Tunis dates back to the early days of nearby Carthage and there is evidence that it existed from the first Punic War. Destroyed in 146BC, it wasn’t until the 7th Century that the Arabs recognised its strategic importance and developed the city, starting with the Great Mosque in AD732, until it became a major centre of science, culture and religion in North Africa. With trade flourishing between Europe and the East, Tunis became an Arab metropolis and capital.
The city centre divides distinctly into two halves, the modern metropolis built mainly by the French and the historic UNESCO World Heritage Site Medina, little changed since medieval times, full of Mosques, souks and ancient palaces.
The 8th century Great Mosque some of the original of which remains to this day stands at the heart of the city amongst the cobbled narrow streets of the bustling souks. The prayer hall and courtyard of this Mosque, indeed any Mosque, are sacred ground and, as such, entry is forbidden to non Muslims. It doesn’t seem right, does it, when a person of any faith can walk into say Canterbury, Salisbury and York Cathedrals.
The medina has over twenty souks forming one vast animated marketplace surrounding the Great Mosque. The principal souks for upmarket goods such as jewellery, religious books, carpets and perfumes were closest to the Mosque and those that were smelly or dirty, such as tanning leather are furthest away.
Talking of carpets, all ruses are used to try to get you to buy one. An invitation to get a panoramic view over the Mosque will inevitably end up in the invitee’s brother in law’s carpet shop. We have successfully resisted such attempts by saying ‘no, bugger off’ in the nicest possible way through gritted teeth but with a smile on our lips.
The Tour bet el Bey is unique. It is a mausoleum for the Beys, 18th century Husaynid Kings, their wives and dignitaries. Their tombs are crammed into exquisitely tiled chambers with beautiful fretwork plaster ceilings and domes. The men’s tombs are topped with marble fezzes or turbans and the ladies with a headstone at each end.
We witnessed the severest thunderstorm either of us has encountered. The fork and sheet lightning was markedly dazzling and too close for comfort coming, as it did, only a second before the ear splitting thunderclaps. The rain fell in torrents sometimes as massive hailstones. It stayed over or around us for at least eight hours and Miggy reckoned it was reminiscent of those she had lived through during the monsoon in India.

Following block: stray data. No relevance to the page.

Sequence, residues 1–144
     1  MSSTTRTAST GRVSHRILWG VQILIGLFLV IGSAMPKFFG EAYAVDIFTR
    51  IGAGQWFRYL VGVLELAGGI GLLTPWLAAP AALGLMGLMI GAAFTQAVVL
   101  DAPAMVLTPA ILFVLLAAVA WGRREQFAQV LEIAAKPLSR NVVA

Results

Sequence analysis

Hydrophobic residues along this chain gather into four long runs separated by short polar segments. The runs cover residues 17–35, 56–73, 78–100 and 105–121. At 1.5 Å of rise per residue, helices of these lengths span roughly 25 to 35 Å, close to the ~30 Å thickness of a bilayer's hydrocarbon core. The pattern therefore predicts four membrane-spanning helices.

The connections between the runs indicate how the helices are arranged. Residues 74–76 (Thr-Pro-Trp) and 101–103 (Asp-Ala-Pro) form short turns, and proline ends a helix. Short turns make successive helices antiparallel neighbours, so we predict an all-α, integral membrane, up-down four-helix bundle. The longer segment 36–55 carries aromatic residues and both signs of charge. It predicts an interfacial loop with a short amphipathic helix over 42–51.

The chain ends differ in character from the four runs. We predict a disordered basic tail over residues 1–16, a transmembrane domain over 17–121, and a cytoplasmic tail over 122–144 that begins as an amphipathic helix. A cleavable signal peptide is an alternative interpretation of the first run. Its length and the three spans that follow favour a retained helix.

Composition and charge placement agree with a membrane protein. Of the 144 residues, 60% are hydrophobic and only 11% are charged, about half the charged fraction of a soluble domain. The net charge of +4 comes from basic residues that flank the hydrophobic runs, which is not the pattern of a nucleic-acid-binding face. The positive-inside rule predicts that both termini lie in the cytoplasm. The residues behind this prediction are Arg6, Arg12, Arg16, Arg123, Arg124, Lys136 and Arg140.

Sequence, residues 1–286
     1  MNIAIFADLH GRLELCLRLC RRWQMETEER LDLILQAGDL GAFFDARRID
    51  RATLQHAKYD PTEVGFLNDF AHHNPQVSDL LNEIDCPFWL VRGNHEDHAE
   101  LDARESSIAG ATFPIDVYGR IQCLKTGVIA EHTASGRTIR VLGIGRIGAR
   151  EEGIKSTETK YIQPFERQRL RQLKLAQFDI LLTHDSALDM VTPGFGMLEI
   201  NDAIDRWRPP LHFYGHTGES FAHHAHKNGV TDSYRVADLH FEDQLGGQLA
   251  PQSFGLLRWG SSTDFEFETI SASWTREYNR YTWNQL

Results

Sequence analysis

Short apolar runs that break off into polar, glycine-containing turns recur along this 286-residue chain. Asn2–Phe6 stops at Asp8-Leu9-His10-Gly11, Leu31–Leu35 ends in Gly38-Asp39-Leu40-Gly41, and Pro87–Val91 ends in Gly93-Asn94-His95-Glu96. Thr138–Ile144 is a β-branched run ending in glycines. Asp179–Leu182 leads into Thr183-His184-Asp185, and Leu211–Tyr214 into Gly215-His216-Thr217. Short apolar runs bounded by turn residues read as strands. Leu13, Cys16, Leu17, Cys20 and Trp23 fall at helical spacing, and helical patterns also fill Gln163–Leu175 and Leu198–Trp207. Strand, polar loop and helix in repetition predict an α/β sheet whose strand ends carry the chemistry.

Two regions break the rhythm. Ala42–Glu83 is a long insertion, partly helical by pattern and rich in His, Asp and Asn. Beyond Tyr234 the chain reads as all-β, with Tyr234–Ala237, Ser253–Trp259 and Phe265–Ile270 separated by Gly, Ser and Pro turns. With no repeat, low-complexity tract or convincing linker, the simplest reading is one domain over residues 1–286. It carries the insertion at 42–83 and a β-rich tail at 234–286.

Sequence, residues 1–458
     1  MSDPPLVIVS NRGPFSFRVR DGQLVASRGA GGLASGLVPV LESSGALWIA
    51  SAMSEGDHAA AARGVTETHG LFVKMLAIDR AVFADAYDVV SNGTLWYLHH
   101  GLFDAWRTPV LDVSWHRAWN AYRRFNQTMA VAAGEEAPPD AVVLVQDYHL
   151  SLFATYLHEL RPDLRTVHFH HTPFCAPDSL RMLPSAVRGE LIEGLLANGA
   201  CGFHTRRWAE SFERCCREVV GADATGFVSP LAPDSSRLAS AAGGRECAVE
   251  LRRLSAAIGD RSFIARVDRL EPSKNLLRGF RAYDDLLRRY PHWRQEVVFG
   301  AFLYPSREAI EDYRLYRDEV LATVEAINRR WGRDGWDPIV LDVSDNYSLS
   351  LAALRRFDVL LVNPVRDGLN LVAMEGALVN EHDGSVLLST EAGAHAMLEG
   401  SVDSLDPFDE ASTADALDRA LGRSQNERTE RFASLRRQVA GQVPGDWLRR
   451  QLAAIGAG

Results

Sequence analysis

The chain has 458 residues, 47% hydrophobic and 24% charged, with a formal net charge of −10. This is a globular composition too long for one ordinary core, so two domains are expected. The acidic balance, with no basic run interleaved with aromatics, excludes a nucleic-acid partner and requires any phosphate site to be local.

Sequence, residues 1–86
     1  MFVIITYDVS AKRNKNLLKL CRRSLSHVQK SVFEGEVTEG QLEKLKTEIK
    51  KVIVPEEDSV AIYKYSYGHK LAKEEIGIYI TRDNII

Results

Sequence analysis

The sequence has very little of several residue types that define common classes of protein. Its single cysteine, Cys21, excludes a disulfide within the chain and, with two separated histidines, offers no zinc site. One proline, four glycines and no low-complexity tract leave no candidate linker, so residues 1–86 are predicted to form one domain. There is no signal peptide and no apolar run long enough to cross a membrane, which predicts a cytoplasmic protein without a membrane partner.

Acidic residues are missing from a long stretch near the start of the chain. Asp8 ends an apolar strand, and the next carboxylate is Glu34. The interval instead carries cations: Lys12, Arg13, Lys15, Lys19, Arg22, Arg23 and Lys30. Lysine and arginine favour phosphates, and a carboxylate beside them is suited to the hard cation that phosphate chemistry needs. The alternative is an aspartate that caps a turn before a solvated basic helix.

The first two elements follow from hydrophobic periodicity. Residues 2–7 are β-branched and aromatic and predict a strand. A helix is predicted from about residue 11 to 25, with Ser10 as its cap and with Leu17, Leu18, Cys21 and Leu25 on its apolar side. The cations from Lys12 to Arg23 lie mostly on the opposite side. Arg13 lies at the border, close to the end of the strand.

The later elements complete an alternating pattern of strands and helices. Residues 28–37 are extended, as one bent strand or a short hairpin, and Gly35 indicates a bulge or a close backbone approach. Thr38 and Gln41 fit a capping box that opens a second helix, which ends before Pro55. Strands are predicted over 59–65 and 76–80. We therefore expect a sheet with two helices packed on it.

People say that the Roman remains at Carthage are an anticlimax in that what there are of them are scattered widely over a large area amongst the mansions of the rich Tunisians. I must admit that I was here over forty years ago and remember little although that is probably nothing to do with the impact the site had on me but more the loss of memory due to age.
We limited our visit to a few ruins in close proximity to one another, the Antonine Baths, the remains of villas and Hadrian’s Palace, Hadrian’s theatre and the museum, and we found them all fascinating.
Carthage was founded in BC814 by the Phoenicians and by the 4th century BC had become a major force in this part of the Mediterranean. The Romans raised it to the ground during the Punic wars and re-established it as a huge city of great influence. It gradually fell into ruins following its occupation by the Vandals, the Byzantines and finally the Arabs in 695AD.
The best preserved of the Roman ruins are the Antonine Baths. These 2nd century AD baths were once the largest in Africa and they are vast and very impressive particularly when filled with water as they were after yesterday’s storm.
Land and sea trade grew under the stable rule of Caesar Augustus in the 2nd and 3rd centuries and that resulted in the growing prosperity of the inhabitants of the city. The ruins of the villas and Hadrian’s Palace clearly show the layout of the accommodation and the street plan. The original intricate mosaic floors are in good condition to this day.